China is already achieving levels of economic activity that exceed the pre-COVID period in many sectors. This is led by exports (+9.5 per cent y/y in dollar terms in August), fuelled by demand for healthcare and some catch-up after H1 disruptions, but Industrial production was +5.6 per cent y/y in that month, and even retail sales, which have lagged, edged into positive territory. The credit-driven fiscal and monetary stimulus is past its peak, but will support manufacturing, consumers and investment. Beyond near-term recovery, the state will aim to decouple China from its technological and energy dependencies; the details of top-down plans will be unveiled in October’s Five-Year Plan. Inflation continues to be weak, CPI + PPI averaging close to zero, and core CPI under one per cent, as the recovery is not yet robust enough to cause demand pressure, and unemployment and the output gap are yet to fall back to normal. With debt levels high, the PBOC will keep monetary policy loose, but has effectively raised yields by 75-100bps since the lows in Q2 and is likely to lower them only incrementally to ease corporate financing needs.
Figure 4. China
Japan’s COVIDrecession and rebound are slightly out-of-sync with the rest of the world, as the lockdowns happened slightly later. The Q2 contraction of -7.9 per cent was a recession within a recession: the third consecutive negative reading, after the consumption tax hike set off a contraction in Q4-2019. A large rebound in Q3 is unsurprising, but even with a new fiscal stimulus package likely as one of the first moves for the new administration of PM Suga, recovery will be incomplete for years: we see economic output achieving pre-COVID levels only in late 2022. CPI has slipped back to around zero, but “Suganomics” is likely to be focussed on administrative reform and regulatory improvements – some of these are major but will probably not be the kind of sea change inaugurated by former PM Abe. The BoJ is unlikely to ease significantly, but will keep rates only slightly in negative territory; of course QE will continue to monetise the deficit used to support the weak economy, but the BoJ has been unable to prevent the real rate of interest from rising.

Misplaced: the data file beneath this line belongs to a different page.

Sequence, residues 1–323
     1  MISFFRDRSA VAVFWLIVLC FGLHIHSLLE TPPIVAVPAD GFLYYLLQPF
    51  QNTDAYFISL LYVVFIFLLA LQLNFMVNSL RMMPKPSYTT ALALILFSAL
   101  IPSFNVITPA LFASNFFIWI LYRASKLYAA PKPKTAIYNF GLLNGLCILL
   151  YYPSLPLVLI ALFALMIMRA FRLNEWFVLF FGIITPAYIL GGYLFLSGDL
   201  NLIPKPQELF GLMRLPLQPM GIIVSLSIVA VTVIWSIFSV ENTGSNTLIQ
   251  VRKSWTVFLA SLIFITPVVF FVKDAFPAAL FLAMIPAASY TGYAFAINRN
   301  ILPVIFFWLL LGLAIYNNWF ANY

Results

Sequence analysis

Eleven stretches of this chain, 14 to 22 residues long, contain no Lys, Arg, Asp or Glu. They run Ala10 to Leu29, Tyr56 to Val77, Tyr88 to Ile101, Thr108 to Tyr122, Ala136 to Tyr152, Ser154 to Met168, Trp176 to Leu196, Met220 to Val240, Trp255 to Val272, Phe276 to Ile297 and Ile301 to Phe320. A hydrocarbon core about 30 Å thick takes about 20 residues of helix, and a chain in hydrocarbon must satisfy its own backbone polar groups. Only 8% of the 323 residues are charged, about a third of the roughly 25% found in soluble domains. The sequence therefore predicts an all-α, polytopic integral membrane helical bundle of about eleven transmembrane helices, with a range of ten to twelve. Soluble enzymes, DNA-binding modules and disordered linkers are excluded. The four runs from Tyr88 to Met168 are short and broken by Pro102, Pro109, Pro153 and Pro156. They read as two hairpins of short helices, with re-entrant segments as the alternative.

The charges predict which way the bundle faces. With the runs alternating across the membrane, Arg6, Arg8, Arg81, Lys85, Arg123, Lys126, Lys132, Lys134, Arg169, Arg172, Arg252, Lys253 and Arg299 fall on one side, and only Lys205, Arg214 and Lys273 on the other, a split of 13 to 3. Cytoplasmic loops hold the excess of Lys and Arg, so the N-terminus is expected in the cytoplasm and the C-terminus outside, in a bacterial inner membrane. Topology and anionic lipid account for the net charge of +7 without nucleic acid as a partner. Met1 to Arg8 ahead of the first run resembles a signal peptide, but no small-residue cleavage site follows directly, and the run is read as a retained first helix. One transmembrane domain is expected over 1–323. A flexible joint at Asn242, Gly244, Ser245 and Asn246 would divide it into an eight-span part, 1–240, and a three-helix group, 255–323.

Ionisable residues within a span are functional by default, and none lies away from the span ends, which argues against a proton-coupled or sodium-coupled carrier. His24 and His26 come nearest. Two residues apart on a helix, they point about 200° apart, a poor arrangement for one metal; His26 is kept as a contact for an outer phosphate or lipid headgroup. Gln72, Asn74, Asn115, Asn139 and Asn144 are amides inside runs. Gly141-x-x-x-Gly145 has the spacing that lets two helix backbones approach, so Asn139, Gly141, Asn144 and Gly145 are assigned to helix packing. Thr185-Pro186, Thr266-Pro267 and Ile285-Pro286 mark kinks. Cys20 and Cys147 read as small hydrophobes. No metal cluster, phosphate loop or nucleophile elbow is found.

Figure 5. Japan
The strong growth rebound expected in Q3 has materialised and looks faster than was anticipated. Looking ahead, the strong growth of the reopening phase is expected to be followed by a slow and choppy recuperation phase that will remain largely determined by the path of the virus and the subsequent policy response. Given the uncertainty around the economic outlook, the Bank of Canada (BoC) is expected to remain dovish, keeping rates at 0.25 per cent and continuing the asset purchase programme until the recovery is well underway. The BoC continue to stress a “sustainable two per cent inflation target” and there is potential that the BoC looks to implement an average inflation target similar to the Federal Reserve. Fiscal policy remains supportive with September’s Throne speech outlining several ambitious proposals, with the government declaring it would support people and businesses affected by the crisis “as long as it lasts, whatever it takes”. These announcements, including the extension of the wage subsidy programme (CEWS), will be followed by a fiscal update and projections in Q4. The outlook for fiscal policy, therefore, remains one of expansion over the medium term.